QuickBooks Tips & Resources – Part 2


For those QuickBooks users out there who follow the blog, last week we took a look at some tips from the QuickBooks Specialists blog by Ruth Perryman, a QuickBooks guru if there ever was one. Today, I’d like to look at a few that I’ve enjoyed from QuickBooks and Your Business, by Shannon Tucker.

A guide to selecting the best edition of QuickBooks for your business:

A: At SherWare, we have many tools and questions we ask to help get your started with the best edition and software package to meet your oil and gas accounting needs. As evidenced by our sales, our QuickBooks integrated edition is one of our most popular, which makes Tucker’s post outlining the various editions of QuickBooks so helpful.

I can walk you through picking the best oil and gas accounting package we have, but I don’t have the level of expertise with QuickBooks to direct you to the best package to integrate with our program. Here’s an outlined version of Tucker’s original post.

Like our software packages, all QuickBooks editions will handle your basic accounting needs. What varies between editions is the special features and nuances that can make or break how smoothly your accounting operations flow.

For small businesses:

QuickBooks Online Plus

– Program entirely online

– Can handle up to 5 users at once plus the accountant

– Handles accounting records from multiple locations in real-time

QuickBooks Pro

– Can handle up to 3 users at the same time working on a network

– Best selection for small businesses to handle general accounting functions

– Can add optional modules to create your own package

For small to medium businesses:

QuickBooks Premier

– Can handle up to 5 users at the same time working on a network

– Can purchase industry-specific editions (although there isn’t one for the oil and gas industry)

– Allows you to do business planning and forecasting

For medium businesses:

QuickBooks Enterprise Solutions

– Can handle up to 30 users at one time working on a network

– Is designed to handle higher transaction volumes and database sizes

The costs for each of these products obviously vary depending on the number of users and increase the larger the product you need. Check Intuit’s website for current pricing information.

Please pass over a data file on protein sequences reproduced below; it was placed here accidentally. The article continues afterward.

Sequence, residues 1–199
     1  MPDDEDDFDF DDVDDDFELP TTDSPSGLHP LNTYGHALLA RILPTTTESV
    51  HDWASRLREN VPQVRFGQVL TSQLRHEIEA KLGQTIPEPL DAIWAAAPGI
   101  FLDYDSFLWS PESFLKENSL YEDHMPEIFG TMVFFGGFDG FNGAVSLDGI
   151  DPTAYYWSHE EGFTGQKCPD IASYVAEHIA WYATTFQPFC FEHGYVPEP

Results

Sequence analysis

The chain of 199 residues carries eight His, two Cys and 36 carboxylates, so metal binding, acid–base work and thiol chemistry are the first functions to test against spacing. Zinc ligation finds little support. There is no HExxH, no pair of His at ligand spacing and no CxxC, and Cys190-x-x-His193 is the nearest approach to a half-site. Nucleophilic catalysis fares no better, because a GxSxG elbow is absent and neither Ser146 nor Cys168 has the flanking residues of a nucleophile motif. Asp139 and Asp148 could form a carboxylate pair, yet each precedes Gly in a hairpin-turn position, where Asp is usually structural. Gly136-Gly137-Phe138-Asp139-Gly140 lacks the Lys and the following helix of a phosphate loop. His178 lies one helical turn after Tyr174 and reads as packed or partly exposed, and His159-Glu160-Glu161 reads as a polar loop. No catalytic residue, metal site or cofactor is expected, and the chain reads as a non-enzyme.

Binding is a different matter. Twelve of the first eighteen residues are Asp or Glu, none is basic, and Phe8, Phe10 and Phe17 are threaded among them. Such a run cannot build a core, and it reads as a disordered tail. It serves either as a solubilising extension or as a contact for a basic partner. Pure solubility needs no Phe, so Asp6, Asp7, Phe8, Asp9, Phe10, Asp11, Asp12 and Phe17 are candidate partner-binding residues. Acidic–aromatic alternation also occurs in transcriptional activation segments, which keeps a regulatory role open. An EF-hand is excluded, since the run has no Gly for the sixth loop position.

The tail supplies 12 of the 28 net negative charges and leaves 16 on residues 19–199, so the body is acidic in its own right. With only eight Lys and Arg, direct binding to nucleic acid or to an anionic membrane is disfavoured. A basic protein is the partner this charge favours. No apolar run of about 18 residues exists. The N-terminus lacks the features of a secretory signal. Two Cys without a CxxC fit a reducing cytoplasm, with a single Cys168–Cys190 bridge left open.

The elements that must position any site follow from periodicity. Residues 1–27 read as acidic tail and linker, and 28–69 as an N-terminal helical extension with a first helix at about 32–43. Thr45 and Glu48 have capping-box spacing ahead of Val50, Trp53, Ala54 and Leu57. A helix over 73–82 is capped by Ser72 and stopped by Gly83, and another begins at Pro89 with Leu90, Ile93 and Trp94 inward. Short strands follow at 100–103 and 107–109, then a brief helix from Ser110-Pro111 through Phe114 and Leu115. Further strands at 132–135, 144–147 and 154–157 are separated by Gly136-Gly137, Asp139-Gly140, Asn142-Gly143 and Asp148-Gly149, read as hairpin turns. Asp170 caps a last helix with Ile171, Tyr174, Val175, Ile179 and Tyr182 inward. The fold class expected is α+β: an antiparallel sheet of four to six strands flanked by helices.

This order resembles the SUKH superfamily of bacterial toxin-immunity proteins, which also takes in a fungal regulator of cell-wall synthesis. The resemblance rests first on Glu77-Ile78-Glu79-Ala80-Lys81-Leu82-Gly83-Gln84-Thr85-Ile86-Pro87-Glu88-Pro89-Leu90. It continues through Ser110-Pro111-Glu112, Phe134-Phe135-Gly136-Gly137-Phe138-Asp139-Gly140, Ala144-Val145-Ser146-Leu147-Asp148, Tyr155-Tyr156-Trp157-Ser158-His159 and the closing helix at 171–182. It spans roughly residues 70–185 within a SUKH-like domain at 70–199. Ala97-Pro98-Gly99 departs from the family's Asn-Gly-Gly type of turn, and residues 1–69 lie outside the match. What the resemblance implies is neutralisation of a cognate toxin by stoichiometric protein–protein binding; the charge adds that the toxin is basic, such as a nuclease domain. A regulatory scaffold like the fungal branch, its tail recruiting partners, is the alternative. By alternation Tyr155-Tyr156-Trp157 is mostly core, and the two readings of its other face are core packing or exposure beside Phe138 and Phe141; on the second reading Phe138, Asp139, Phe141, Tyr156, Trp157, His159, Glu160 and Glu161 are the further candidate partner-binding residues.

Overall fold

How do I limit the access my employees have in QuickBooks?

A: Since QuickBooks houses your most intimate details about your business’ financials, it makes sense that you don’t want everyone who works in your office to have the ability to access and edit any information in the program.

You can control which features each employee can access and whether they have the ability to edit information on that screen or only read it by going to Company > Set Up Users and Passwords > Set Up Users.

Once you’ve either selected an existing user or create a new one, you’ll be able to choose what parts of the software they can access by walking through QuickBooks’ wizard allowing you to go through each function step-by-step and selecting options.

By taking the time to set up each user properly with the amount of freedom within the QuickBooks program at the beginning, you’ll give yourself peace of mind and protect your business from fraud and error by knowing precisely who can access your financials.

The areas available for setting security controls include:

– Sales and Accounts Receivables

– Purchases and Accounts Payables

– Checking and Credit Cards

– Inventory

– Time Tracking

– Payroll and Employees

– Journal Entries and Online Banking

– Financial Reporting

– Changing or Deleting Transactions

Should you choose to overwrite when restoring a backup?

It happens to the best of us. A computer crashes, you get a new computer or need to correct data errors your QuickBooks file is currently experiencing. When you go to restore your QuickBooks data, many people choose to keep the restored file name the same, prompting the fear-inducing question: Do you want to overwrite the existing file?

Initially, your first reaction may be to simply re-name the file so you don’t have to worry about accidentally overwriting the wrong file. But upon further thinking, it’s possible that without a consistent name for your QuickBooks file, other users may accidentally begin using the old version of the software if stored on a network – creating a whole host of other problems that may not be easily fixed.

Shannon offers a ingenious solution that takes a few minutes more to ensure that you have the most accurate data in your QuickBooks company and to prevent users in the office using all different versions of the same file.

Before beginning to restore your backup of the QuickBooks company, he suggests creating a folder within the main folder where you store your QuickBooks data and naming it Old Copies. With all users out of QuickBooks, open My Computer and browse until you get to the folder or network drive where your QuickBooks data is stored. Click and drag your company data file to the Old Copies folder you’ve created (It’s a file with a .qbw extension at the end), and rename it with your company’s name and today’s date.

By moving it out of the original data folder and renaming it with today’s date, you no longer have to worry about users accidentally grabbing the wrong file since it’s labeled as a dated version. You also can now go into QuickBooks and restore a backup without having to worry about it asking if you want to overwrite the file. With the old data out of the folder, it won’t try to rewrite it – giving you a clean slate to start with and the most recent backup clearly dated if you need to go back in time.

What other tips do you have that help you get through your work? Are there any other QuickBooks Tip blogs you follow as well?

Source: SherWare Blog



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